And that’s the problem with feminists. The reason that so many of the most oppressive forms of patriarchy seek to limit the education of women (and this happens as often in evangelical Christian households in America as it does under regimes like the Taliban) is that teaching women to think for themselves is like lighting the fuse to a bomb. It’s only a matter of time before they start questioning the fact that those at the top don’t necessarily deserve to be there. And the idea that we’re protected and have access to power is an illusion.
For those of us who were educated in mainstream culture, we’ve most likely been exposed to the idea of gender oppression somewhere along the line. How was it most often presented in educational contexts other than women’s studies courses? In my education at fairly liberal public schools and universities, feminism was mainly presented as a quaint revolution of a bygone era — hearty thanks to Susan B. Anthony and Mrs. Pankhurst: we’ve got equality now! For some of us, maybe that perception rankled a bit, but we were so busy trying to excel, to achieve, to keep up with the expectations of modern womanhood, we didn’t have time to dig too deeply.
It’s amazing what a little (or a lot) of internalized misogyny can do. I’ve had conversations with women who’ve been fired, harassed and passed over for promotions because of their gender who would shudder to describe themselves as feminists. I’ve talked to women who’ve been groped and raped, beaten or emotionally abused by their male partner for years who will hold forth for days on why it was actually their fault and not even partially a product of a toxic culture. I’ve had some of those same women watch the same things happen to their daughters and still not waver from the patriarchal mindset. I’ve been absolutely stunned at the intellectual and emotional gymnastics that are often involved for women to be able to reject feminism but I also understand how terrifying it can be to let go of that illusion of safety.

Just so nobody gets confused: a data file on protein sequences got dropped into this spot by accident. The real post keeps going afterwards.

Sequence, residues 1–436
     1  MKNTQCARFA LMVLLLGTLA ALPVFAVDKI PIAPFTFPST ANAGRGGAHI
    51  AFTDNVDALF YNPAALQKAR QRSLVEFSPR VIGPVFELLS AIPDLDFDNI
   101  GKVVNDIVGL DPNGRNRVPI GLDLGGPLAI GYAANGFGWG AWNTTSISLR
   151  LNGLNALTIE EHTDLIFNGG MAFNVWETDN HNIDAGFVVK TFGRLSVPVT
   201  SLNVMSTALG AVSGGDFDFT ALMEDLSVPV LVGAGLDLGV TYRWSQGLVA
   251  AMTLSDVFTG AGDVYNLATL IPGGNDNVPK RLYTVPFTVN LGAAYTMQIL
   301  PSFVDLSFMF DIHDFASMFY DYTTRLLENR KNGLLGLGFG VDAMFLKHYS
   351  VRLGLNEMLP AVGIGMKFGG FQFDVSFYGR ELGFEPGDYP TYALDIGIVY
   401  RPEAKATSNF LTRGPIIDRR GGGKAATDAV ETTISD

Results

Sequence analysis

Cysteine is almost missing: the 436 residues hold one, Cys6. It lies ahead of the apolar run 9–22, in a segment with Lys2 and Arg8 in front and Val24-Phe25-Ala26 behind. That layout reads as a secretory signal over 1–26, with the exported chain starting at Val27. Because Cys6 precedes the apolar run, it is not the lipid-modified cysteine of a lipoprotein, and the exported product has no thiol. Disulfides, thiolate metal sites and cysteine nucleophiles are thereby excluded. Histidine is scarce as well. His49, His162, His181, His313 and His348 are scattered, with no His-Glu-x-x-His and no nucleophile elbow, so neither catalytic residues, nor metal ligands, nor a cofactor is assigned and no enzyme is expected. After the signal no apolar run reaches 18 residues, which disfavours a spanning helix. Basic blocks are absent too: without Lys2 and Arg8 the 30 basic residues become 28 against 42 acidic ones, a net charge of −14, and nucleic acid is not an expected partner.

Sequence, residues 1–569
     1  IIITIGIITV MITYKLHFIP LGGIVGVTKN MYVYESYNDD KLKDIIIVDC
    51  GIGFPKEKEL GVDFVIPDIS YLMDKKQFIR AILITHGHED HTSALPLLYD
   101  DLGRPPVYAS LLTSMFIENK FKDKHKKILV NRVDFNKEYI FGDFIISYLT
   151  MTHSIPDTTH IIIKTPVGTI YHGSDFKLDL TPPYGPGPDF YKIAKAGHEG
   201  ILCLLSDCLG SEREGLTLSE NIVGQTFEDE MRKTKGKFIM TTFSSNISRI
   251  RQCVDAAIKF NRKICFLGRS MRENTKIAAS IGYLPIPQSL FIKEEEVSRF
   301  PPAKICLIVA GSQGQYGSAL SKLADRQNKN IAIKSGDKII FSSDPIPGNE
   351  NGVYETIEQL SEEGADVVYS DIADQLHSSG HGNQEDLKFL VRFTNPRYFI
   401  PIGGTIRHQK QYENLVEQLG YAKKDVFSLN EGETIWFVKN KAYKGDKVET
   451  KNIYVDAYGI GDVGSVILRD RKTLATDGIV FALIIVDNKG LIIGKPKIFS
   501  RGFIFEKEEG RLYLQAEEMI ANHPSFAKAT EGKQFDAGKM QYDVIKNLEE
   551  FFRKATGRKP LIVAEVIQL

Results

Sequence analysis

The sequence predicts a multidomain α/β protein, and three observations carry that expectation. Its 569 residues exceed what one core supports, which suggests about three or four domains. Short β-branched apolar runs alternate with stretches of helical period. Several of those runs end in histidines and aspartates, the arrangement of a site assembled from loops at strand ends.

In the end, sometimes we can awaken a reluctant or unsuspecting feminist and sometimes we can’t. The important thing is for us to keep having the conversations and have them from a place of compassion, not frustration (I know, easier said than done). Maybe if we keep asking questions, they’ll get uncomfortable enough to question too. Here’s hoping.